Tend to be mums so they are experienced and confident Will have been on a childminding training course, some provide early years education and can accept the nursery grant for three and four year olds Inspected by OFSTED every two years to ensure high standards and to check the home is safe and well-equipped Affordably priced Childcare in their home means yours is tidy when you get back from work! Usually look after more than one child – up to three under five and up to three under eight – which means built-in playmates. These friendships can last years Often have a reciprocal arrangement with another childminder to provide sickness and holiday cover Your children can be cared for together.
Know the local area really well and will take your child out and about to playgroups and activities If you are eligible for Working Tax Credit you can claim back up to 70% of fees Most childminders are very flexible, some even offer overnight stays Home childcarers are a new category, registered to care for your child in your home, even during evenings or weekends.
Getting yourself and your children ready and out of the house in the morning Dropping off and collecting adds stress at times of day when you and the children are likely to be tired and grumpy The childminder sets the activities and plans the day, you have less control You pay fees per child i.e. double fees for two children You may need alternative care if the childminder is ill or on holiday You can’t use an agency so you have to do the legwork and interviewing Those with several children in their care may be constantly on the hoof collecting and dropping off at nurseries and school; quite tiring for little children.
Usually have a professional childcare qualification and at least two years’ experience (always follow up all references) Will be able to offer one-to-one attention to your child Will provide you with a tailor-made service to suit your schedule You decide how your child will be looked after You don’t need to get the children ready in the morning Nannies tidy the kitchen and children’s rooms and look after their laundry, some do general housework too May be able to do evening babysitting at short notice Will look after your child when they’re ill You pay a flat wage rather than an amount per child Live-in nannies are less likely to leave suddenly as your home is their home Not always expensive, a nanny-share can cost the same as some childminders When the children start school you can keep your nanny by finding a family to share her with Nanny agencies know how to match personalities and in the unlikely event that it doesn’t work out, they will find you a replacement. (Check the small print!)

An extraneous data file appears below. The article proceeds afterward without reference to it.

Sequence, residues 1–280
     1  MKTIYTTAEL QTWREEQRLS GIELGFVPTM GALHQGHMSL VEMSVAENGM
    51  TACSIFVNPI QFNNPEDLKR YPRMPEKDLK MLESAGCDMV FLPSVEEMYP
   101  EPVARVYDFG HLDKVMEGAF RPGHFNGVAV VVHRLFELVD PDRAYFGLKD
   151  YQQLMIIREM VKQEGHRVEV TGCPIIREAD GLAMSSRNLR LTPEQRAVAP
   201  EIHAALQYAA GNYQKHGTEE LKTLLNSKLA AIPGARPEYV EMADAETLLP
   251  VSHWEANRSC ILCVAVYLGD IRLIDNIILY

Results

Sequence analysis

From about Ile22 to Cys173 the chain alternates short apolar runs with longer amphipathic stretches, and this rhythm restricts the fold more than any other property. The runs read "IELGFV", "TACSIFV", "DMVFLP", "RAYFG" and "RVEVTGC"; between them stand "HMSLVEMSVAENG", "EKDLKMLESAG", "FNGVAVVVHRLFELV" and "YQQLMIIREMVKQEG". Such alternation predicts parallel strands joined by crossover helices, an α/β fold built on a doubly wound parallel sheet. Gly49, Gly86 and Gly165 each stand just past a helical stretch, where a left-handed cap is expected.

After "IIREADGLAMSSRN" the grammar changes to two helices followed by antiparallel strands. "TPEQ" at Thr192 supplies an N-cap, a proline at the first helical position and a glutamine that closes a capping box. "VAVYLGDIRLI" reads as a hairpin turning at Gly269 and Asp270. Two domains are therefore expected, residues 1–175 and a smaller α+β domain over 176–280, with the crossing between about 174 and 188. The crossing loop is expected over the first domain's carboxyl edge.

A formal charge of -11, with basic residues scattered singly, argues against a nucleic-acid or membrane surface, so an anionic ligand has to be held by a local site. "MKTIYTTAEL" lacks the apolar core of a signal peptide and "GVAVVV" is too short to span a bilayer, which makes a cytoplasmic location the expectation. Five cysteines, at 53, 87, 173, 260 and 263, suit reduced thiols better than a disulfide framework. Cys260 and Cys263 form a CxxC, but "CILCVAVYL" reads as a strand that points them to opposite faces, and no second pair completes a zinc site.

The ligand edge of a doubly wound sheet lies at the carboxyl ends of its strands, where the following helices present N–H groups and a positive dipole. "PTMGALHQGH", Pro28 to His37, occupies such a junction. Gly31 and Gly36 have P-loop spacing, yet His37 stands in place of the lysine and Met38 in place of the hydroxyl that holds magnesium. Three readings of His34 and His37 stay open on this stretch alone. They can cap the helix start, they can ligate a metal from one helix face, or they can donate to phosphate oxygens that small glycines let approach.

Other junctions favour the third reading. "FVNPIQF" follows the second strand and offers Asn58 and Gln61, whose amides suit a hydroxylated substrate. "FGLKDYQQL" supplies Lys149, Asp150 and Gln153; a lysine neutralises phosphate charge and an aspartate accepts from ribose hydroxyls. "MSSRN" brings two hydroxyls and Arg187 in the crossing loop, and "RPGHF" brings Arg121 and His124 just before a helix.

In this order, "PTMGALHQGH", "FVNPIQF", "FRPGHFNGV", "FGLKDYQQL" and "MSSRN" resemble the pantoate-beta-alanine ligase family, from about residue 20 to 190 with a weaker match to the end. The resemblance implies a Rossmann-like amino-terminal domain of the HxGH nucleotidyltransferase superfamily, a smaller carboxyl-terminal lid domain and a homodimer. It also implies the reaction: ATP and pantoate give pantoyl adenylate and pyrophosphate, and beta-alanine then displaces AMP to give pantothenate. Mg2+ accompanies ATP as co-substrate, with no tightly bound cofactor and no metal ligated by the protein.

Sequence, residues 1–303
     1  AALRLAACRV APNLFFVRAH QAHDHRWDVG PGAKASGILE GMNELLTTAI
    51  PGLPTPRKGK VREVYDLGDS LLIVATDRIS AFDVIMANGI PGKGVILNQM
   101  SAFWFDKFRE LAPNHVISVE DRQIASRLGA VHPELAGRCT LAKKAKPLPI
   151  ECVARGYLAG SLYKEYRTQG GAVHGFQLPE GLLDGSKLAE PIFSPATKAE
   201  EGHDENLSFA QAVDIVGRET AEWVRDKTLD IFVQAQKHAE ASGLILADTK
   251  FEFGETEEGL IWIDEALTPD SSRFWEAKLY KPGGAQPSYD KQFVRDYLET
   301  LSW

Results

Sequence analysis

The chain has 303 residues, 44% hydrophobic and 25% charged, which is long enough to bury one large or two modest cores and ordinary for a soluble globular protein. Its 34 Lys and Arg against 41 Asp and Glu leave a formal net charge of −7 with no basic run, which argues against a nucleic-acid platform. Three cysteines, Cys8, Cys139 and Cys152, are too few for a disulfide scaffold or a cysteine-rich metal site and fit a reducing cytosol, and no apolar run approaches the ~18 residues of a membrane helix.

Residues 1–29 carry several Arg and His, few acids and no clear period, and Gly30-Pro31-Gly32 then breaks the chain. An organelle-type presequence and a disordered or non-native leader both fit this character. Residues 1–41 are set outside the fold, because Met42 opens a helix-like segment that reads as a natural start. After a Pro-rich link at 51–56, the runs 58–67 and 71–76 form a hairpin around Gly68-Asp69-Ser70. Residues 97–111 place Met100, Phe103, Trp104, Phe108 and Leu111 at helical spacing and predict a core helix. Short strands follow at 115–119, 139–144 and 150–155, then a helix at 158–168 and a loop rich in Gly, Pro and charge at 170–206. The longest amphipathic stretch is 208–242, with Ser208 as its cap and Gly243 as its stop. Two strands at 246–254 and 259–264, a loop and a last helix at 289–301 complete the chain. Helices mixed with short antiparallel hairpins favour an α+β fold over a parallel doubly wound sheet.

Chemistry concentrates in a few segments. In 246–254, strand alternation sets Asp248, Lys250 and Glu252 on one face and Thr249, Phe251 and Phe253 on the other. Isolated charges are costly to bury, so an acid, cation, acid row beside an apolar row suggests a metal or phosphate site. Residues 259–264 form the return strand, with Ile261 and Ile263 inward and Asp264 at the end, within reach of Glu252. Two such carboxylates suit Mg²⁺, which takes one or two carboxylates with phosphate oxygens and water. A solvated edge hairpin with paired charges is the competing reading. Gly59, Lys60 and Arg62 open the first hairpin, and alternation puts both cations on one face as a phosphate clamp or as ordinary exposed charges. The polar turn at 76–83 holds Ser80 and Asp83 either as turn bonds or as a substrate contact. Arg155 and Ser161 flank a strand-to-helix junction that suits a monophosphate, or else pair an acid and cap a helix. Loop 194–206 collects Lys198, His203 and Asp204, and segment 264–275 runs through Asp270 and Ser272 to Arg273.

The cost, live-out nannies are the most expensive form of childcare Extra heating, phone and food costs You may need to provide a car, insurance is expensive, particularly for nannies under 21 or from non-EU countries You need a separate bedroom and bathroom for a live-in nanny, you might miss your privacy too You must do tax and NIC paperwork, or employ someone else to do it You have to take time off if the nanny is ill Not OFSTED-registered or inspected and you can’t claim costs under Working Tax Credit We ran an article entitled Nannies versus Nursery a while ago, which was just as interesting. An eye opener. Do go and read it on www.familiesmagazine.co.uk
Leaving your baby to go back to work or study is always a wrench. By choosing individual childcare – a nanny, childminder, au pair or mother’s help –your child continues to enjoy home comforts while you’re at work. Some parents just have a gut feeling that nursery care is too hectic or impersonal. Forming a close relationship with a caregiver is vital for a baby’s personality and social growth. Children need a sensitive and responsive person who they can trust. Nannies can be expensive but if you have more than one child under five, double nursery fees may well cost the same or more. Nanny-sharing is increasingly popular, especially now so many parents are choosing to work part-time. Others swear by childminders. Some are accredited to provide early years education so they provide the best of both worlds; educational play in an intimate setting.